Although Mark Hominick is a good fighter, he’s also a good man. He’s a family man with his first child on the way, and he understands the importance of being a good husband and a good father. That’s how he wants his daughter (to be named Rae) to describe him in 15 years when she talks about him to others. He was asked about meeting his wife and he shyly said, “I chased her all throughout high school, and she finally let me catch her.” When asked when he knew she was the one, he said, “I always knew.” This guy is permanently off the market ladies and is deeply in love with his wife.
Mark spends a lot of time in the gym training, but he keeps balance in his life by spending time fishing and having backyard barbeques with family and friends. His small town life is very fulfilling, and he’s had the same friends since he was a kid. His success as a professional fighter has not changed his relationships with his friends. He understands the value of having personal relationships based on history and sharing.
Mark believes that the secret to a successful marriage is to be an honest man to his wife. He honors her and all the wives and girlfriends whose husbands are MMA fighters. They have to endure long separations during training camps, watching their husbands in danger in the cage, and watching them be appreciated a little too much by vigorous fans. The strength that these women possess is notable. “They have to be strong, sometimes stronger than you.”
Mark appreciates how strong women have to be in other situations as well, especially as female mixed martial artists. He thinks that although the growth in women’s MMA will be slow and challenging, it will happen, and women are up for the challenge. “Some of the women I’ve trained with are just as good if not better than the males.” He recognizes the drive that women in the sport have and indicated that when the ladies fight, they leave it all in the cage. They are an example of courage and determination.
Mark also believes that it’s important to be a good role model for today’s youth. He considers all professional athletes to be role models. “There’s always kids looking up to you, and I do take that role very seriously.” Being a good person and living life the way you’re supposed to, in a respectable way is one of the most important aspects to being a good role model. The foundation of mixed martial arts is particularly good for kids because it can change their attitudes, it can change their work ethic, and it can change their lives.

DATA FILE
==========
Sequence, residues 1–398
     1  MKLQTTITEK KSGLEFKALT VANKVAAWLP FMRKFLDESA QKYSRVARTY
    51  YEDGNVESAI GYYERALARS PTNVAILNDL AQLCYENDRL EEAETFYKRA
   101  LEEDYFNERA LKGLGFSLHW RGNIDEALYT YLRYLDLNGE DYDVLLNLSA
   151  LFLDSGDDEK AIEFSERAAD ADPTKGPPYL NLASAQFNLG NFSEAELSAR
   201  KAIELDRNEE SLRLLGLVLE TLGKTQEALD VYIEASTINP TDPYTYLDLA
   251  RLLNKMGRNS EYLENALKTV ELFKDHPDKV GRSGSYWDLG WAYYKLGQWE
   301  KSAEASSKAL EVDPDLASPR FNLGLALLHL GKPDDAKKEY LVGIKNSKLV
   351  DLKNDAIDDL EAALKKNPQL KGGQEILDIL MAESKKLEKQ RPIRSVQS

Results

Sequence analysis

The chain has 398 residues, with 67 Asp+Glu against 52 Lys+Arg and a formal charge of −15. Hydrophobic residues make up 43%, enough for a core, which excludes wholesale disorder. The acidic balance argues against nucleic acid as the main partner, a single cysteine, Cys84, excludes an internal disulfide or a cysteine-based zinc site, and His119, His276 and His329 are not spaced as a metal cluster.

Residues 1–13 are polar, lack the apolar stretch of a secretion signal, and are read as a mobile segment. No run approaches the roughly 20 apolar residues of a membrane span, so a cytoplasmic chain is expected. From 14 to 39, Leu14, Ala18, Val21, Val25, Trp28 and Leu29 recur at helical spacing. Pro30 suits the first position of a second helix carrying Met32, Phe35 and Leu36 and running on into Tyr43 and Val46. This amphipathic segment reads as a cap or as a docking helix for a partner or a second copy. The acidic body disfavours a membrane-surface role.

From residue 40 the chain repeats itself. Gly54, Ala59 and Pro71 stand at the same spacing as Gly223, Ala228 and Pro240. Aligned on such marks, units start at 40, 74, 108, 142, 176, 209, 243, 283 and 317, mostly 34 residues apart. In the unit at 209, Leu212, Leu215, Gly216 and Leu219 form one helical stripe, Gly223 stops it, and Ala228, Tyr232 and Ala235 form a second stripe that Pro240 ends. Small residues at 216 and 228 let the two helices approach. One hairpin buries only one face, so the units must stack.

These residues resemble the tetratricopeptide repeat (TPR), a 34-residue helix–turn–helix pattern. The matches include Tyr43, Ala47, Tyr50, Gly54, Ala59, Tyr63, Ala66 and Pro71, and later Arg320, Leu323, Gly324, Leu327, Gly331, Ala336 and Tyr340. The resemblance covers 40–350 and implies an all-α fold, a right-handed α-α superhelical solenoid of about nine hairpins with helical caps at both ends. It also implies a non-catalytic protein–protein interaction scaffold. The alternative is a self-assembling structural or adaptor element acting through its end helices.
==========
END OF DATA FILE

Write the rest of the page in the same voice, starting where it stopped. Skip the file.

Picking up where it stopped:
He is on the card with one of his role models for UFC 129, fighting for a hometown crowd in front of the largest crowd the UFC has ever had: Randy Couture. He is impressed with Couture’s contributions to the sport. Couture’s class in both victory and defeat is legendary, and Hominick felt that calling him a role model is an understatement. “He knows how to win and how to lose, how to carry himself after a loss. He’s a very honorable man and a great role model for me and anybody in the sport. It’s an honor to be on the card with him. He’s a living legend for sure in the sport.”
Couture and Hominick share several attributes. Passion is one of them. They are both passionate about mixed martial arts and living life to the fullest. They are also both respectful. They recognize the potential that this sport has to make an impact on the lives of many. Another word that can be applied to both is humble. Both are gentle but fierce warriors, and both will be laying it all on the line Saturday night in front of 55,000 screaming fans, one hoping to end his career on top, and the other hoping to begin his reign as world champion.
Many thanks to Yvette R. Brisco. She is one of the many wonderful contributors to Real Women and Men's MMA. To be a contributor select the Contributor tab on the main menu and it will give you the contact info.